In Memory

Danny Bruner






       Funeral services for Elliot “Danny” Bruner have been scheduled for 2 pm Tuesday, March 2, 1999 at the First United Methodist Church in Broken Arrow. Rev Paul Kang will officiate. Burial will follow at Floral Haven Memorial Garden under the direction of Hayhurst Funeral Home.

        Danny was born December 15, 1946 in Gridley, California the son of Elliott Bim and Leda v (Burgess) Bruner. He died at Broken Arrow Medical Center on Saturday, February 27, 1999. He was 52 years old.

        Danny was a lifelong resident of Broken Arrow. He graduated in 1965 from BA High School where he was active in football, wrestling, and baseball. He attended Northeastern State University in Tahlequah for two years until being inducted into the United States Army where he served in Viet Nam as an infantryman. He received the Purple Heart for wounds received while there and received an honorable discharge.

        He finished his education by receiving a business degree from Northeastern State in July of 1973. Danny owned and operated three Indian smokeshops in the Broken Arrow and Tulsa area. He was a member of the BA Chamber of Commerce and attended First United Methodist Church his entire life. The family requests memorials be sent to the Salvation Army Boys and Girls Club in Broken Arrow.


He is survived by,


 Wife:        Diana Bruner of Broken Arrow


Sons:        Greg Bruner of Broken Arrow

                Chebon Daniel Bruner of Broken Arrow


Daughter:  Stephanee Bruner of Broken Arrow

                Nikki Duncan of Broken Arrow


Granddaughter:   Christina Cree of Broken Arrow


Parents:     Bim and Leda V Bruner of Broken Arrow


Brother:     Steve of Broken Arrow


Steve’s notes:


        After Danny left Broken Arrow and attended Northeastern he volunteered for the draft. (As you all know, Viet Nam was in high gear). He actually attended Officer Candidate School (OCS) in Ft. Benning, Georgia and did not graduate because of the following: (As he and mom told the story)

        Even while in the BA schools he always could “test” well. I remember him and at least Bob Banfield used to get awards for being in the top 1% of those taking those standardized tests that we all had to take. He also tested well in the army and they were always “after him” to sign up for another year and attend OCS. He finally relented….

        After going through all the training and doing quite well it was the day of his graduation and all were “ordered” not to use the telephones. Danny being Danny did what he was known to do and “disobeyed” and called mom.

(Mom could hear what was going on the other end of the phone, she told me) Well Danny got caught and after telling the “unsympathetic” officer that he was “only talking to his mom” he did not receive his commission as 2nd Lieutenant. However, he was sent to Viet Nam as most were during that time and did quite well since he had all the training of an officer.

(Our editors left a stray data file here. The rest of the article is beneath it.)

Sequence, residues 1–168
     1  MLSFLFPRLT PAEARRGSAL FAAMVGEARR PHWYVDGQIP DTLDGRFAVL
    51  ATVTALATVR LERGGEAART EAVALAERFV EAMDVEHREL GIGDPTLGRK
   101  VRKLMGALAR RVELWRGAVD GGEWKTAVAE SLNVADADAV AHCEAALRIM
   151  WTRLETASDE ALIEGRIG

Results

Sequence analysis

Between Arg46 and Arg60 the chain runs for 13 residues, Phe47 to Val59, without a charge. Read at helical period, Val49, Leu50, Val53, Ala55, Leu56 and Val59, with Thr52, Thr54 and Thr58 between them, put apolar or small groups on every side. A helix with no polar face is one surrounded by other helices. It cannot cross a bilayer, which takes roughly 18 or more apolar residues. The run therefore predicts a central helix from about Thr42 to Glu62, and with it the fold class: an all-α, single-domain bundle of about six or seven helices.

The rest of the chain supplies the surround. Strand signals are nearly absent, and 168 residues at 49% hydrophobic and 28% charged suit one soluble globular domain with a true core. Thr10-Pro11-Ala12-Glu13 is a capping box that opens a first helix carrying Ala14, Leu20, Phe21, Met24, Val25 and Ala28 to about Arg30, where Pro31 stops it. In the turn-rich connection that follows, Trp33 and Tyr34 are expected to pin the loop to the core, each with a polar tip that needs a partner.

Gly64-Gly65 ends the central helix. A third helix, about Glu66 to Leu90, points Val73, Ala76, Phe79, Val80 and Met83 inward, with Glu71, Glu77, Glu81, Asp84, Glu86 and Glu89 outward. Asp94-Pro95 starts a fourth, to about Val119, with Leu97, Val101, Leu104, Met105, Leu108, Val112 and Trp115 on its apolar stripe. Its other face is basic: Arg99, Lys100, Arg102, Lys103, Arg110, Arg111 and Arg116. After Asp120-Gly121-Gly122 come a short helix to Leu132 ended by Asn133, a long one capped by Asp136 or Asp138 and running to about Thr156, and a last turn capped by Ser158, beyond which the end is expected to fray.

As a matter of fact there is a book written by a Norman veteran and professor about Oklahoma ‘boys’ serving in Viet Nam that dedicates two chapters to Danny about his experiences while there. One statement that I will always remember from the book is the statement to the “cherries” was: “Stick close to the Indian.” Which implied that he knew what he was doing and further than that some of the non-Indians “assumed” he had mystical powers so that you were safe if you were around him.

        After getting back from Viet Nam Danny turned into a long-haired hippy and traveled the world. He actually would have confrontations with military people who had no idea he had served his country already. He also went to Europe and went to the 1972 Munich Olympics. Where once again, Danny was Danny and was befriended by a weight lifter who asked if he needed a place to stay. This obviously was just prior to the “massacre” that occurred later.

        Danny then got his degree in business and later started what was a “novel” and new idea, and Indian smokeshop. He actually borrowed money from Grandma Ruby Haynie and his first smokeshop actually was run from the back of his car. He would buy all the tobacco he could afford, drive to Kansas and then back to Broken Arrow. Sell what he could and with that money make another trip to buy more tobacco. And he grew from there into a very successful family business.

        There are many things that I obviously remember about Danny but his gregariousness and the feeling that “you wanted to be around” him are what stands out for me. He was just fun.

        Just one little example of how people wanted to be around him.

        Dad left to go to work at American Airlines one day and before he left he told us he wanted the house painted. Like a obedient child I got up and started scrapping the house. Before I knew it several of Danny’s friends began showing up and the party was on… He reminded me of Huckleberry Finn. I would be on the ladder leaned up against the house, scrapping as hard as I could. He would be under the tree, in the shade, and his buddies would be on the scaffold scrapping and painting. How did he get away with it? That was just Danny!